This is a great story about family, friends, and all of the perils they come with. I loved Franny, and her relationship with Nana is a lovely one. It is a great story about the troubles that come with keeping quiet about mental health issues, and the value of putting those at the forefront of conversations.

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Thank you NetGalley and the publisher for an opportunity to read this book ahead of publication date.

I really enjoyed this book. The genre is middle grade realistic fiction, and tackles a wide range of themes including mental illness, foster/kinship care, friendship drama, and anxiety. The main character, Franny, is in middle school and lives with her Nana, because her mother spent time in prison and her Nana has full custody of her. When her Nana has an accident and injures her knees and is no longer able to move around, Franny's Uncle Gabe moves in with them, despite being previously estranged from his mother.

There's quite a bit of growing and mindset shifts that Franny, Uncle Gabe, and Nana experience. In addition to the changes in their day to day routine, Franny starts learning more about her mother and gains some insight into why her mother is no longer in her life. Nana and Uncle Gabe also have to change but ultimately also experience growth, adaptability, and acceptance.

A great family story but please check the trigger warnings for sensitive kids. Recommended for ages 9+.

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I loved this book! Thank you to the publisher and Net Galley for the ARC. The main character is relatable to kids. She lives with her Nana and has not seen or heard from her mother since she was 4 years old. The curiosity and questions she has are normal for that age. She navigates some complicated friend issues as well as her complicated family issues. Well done!

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This was such a wonderful story of complicated family life, choosing open lines of communication over silence and secrecy, and the power of art.

Twelve-year-old Franny lives with her Nana, and their life is safe, predictable, and just a little tedious. When her Nana's accident forces them out of their comfort zone, it also forces them to confront their pasts and all of the things left unsaid in their family.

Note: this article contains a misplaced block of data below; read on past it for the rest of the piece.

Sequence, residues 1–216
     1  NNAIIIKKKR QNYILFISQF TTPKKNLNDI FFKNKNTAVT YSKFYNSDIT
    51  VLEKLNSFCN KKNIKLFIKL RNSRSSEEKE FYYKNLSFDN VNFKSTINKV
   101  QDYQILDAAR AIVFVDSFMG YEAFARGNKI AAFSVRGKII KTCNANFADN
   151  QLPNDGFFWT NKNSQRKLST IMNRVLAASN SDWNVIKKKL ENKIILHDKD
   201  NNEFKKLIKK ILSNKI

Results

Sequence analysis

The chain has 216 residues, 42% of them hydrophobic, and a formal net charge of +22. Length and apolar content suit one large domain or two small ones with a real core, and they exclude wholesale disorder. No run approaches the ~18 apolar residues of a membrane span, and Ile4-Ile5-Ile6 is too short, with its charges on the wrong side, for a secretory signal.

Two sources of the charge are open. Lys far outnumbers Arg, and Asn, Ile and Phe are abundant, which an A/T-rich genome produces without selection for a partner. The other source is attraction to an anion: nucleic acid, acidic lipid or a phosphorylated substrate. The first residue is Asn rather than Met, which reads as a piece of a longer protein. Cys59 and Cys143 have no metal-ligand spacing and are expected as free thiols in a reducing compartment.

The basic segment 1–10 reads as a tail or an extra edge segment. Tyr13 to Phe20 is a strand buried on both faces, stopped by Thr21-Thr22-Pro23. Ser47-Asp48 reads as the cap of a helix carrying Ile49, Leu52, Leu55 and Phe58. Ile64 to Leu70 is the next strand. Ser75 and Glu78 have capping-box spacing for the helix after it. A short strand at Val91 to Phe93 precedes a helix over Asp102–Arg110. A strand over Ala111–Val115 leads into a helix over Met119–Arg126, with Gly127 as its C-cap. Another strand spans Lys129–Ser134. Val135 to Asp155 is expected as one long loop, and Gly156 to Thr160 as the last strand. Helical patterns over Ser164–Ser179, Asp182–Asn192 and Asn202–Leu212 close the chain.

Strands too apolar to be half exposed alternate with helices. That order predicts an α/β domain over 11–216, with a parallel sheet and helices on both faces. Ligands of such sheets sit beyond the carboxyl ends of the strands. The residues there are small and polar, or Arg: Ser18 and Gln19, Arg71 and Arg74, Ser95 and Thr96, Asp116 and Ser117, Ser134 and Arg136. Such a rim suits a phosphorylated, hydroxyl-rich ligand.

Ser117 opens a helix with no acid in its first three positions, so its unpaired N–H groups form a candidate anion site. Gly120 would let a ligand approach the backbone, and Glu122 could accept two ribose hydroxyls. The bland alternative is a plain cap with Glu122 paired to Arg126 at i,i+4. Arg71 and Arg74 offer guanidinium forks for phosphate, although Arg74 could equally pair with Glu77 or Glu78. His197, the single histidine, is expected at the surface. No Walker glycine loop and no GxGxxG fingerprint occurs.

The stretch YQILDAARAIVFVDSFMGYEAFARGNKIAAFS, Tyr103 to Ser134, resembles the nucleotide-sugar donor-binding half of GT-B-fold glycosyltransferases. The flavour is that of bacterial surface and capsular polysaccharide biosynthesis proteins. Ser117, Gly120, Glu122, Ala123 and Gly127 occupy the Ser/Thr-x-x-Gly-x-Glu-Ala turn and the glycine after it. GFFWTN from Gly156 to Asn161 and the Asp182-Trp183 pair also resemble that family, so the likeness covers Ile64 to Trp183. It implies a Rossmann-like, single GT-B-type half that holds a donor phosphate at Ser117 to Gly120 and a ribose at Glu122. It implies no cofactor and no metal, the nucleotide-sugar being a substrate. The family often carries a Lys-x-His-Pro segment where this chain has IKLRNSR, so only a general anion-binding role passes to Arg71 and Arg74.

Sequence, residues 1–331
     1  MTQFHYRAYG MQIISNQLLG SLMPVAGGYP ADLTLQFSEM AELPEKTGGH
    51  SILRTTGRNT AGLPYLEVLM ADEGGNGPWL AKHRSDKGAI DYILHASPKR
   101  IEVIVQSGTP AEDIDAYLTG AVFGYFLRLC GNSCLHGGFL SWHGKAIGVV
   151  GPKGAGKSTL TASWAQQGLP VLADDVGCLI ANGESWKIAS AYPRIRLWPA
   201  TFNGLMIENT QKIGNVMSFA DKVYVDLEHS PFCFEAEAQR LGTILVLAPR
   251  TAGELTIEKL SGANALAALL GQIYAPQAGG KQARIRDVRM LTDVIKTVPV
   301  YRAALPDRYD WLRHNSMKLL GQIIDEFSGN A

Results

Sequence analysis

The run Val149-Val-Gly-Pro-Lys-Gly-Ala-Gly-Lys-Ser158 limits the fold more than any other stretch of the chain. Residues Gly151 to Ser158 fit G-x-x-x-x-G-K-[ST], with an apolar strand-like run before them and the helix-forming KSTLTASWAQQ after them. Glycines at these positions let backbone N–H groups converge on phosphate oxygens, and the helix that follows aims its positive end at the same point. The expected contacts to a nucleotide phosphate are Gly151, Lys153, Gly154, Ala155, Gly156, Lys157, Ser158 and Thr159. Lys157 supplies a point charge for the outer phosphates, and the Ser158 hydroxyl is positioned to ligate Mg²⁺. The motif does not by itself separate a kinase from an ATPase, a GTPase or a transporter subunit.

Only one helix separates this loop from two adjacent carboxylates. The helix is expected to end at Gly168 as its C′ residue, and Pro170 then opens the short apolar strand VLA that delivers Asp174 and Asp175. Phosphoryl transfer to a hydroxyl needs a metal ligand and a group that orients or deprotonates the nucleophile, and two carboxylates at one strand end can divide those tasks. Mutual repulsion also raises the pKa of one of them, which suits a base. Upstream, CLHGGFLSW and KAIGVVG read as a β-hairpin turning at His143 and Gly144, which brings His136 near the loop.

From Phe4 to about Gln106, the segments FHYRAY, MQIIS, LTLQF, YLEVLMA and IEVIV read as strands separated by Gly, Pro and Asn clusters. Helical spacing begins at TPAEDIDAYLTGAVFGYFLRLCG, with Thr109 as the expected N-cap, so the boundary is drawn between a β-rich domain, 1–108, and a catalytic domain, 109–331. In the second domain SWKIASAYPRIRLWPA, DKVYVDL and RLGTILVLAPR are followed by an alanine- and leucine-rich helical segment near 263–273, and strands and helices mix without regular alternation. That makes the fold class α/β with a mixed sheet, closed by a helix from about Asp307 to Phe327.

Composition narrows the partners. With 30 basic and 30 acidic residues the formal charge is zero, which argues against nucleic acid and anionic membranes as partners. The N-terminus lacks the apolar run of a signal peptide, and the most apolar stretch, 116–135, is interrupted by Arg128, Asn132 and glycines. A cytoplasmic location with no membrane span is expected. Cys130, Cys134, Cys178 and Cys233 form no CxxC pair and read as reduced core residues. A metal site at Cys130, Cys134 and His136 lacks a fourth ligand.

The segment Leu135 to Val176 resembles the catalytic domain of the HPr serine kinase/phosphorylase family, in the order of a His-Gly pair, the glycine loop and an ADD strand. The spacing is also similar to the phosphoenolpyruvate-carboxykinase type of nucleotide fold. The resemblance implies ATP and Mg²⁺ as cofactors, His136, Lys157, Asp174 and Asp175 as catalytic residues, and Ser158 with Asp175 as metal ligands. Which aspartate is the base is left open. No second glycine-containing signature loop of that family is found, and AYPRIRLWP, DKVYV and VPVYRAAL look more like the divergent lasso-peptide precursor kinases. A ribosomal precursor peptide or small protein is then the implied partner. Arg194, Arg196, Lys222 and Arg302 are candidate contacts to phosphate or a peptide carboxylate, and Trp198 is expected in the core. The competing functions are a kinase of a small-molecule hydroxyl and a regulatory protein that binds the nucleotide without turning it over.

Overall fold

Franny was such a great protagonist - my heart went out to her, and at the same time, I thought she would be really fun to hang out with. Her relationship with her Nana was nuanced and real, and showed a lot about her character. I felt myself sympathizing with Nana as well, as she fumbled to figure out how to open up to Franny and move beyond her safe cocoon. Watching her push herself to tackle the hard topics, and Franny's reactions to this, was really great to read.

I also appreciated the character of her estranged Uncle Gabe, who returns for the first time in years to help out when he's needed. He was not perfect, and he had a lot to work out, but he was very real and likable, and I was happy to see his growth and how he interacted with both Franny and Nana.

And even though we never get to meet Franny's mom, she was a very real, three-dimensional character, too. Seeing her through the eyes of her mother, brother, childhood best friend, and the vague memories of her daughter, I got a clear picture of who she was - her struggles and her strengths. So well written.

Definitely recommend this one - Heartfelt, thoughtful, & FUN!

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Sometimes you come across a good book aimed at children, that both children and adults can equally enjoy. This is one of those. I really loved it. Why not read this book at the same time as your child and see what discussions it opens up between you. The story winds through many things:- Children growing up, the flux of friendships and the pains that brings. Supporting children’s needs in school and at home. Mental health issues. Families (at times that word says it all). Never finding the right time to talk about difficult issues. Finding the activity to set you free - here in ART. All of these things wrapped up in a heart warming story. Thank you to ABRAMS Kids and NetGalley for the ARC. The views expressed are all mine, freely given.

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Thank you to Netgalley and the publisher for an e-arch of this book. I really enjoyed this book, and I cannot wait to share it with the children in my library.

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A strong addition for librarians, educators and families seeking contemporary, realistic middle grade novels that present mental illness, "non-traditional" families, evolving friendships and finding confidence in a creative outlet in a thoughtful, relatable way. 

12yo Franny sticks to all the rules for living with her Nana ever since she got custody a long time ago -- whether she agrees with them or not. When Nana has an accident that tosses everything they know up in the air at the same time Franny's circle of friends begins to shift, the reader gets a front row seat to witnessing how many people, relationships and family dynamics can be nudged into something new by one slip on the ice.

Moving, amusing and genuinely interesting, I hope this book finds its way into classrooms and home bookcases a plenty. Kids will either see themselves in Franny's story, or gain understanding and empathy for those who do.

For fans of:
Ann Braden
Erin Entrada Kelly
Lynda Mullaly Hunt
Wendy Mass
Barbara Dee
K.A. Holt

And more specifically:
Rebecca Stead's THE LIST OF THINGS THAT WILL NOT CHANGE
Tae Keller's THE SCIENCE OF BREAKABLE THINGS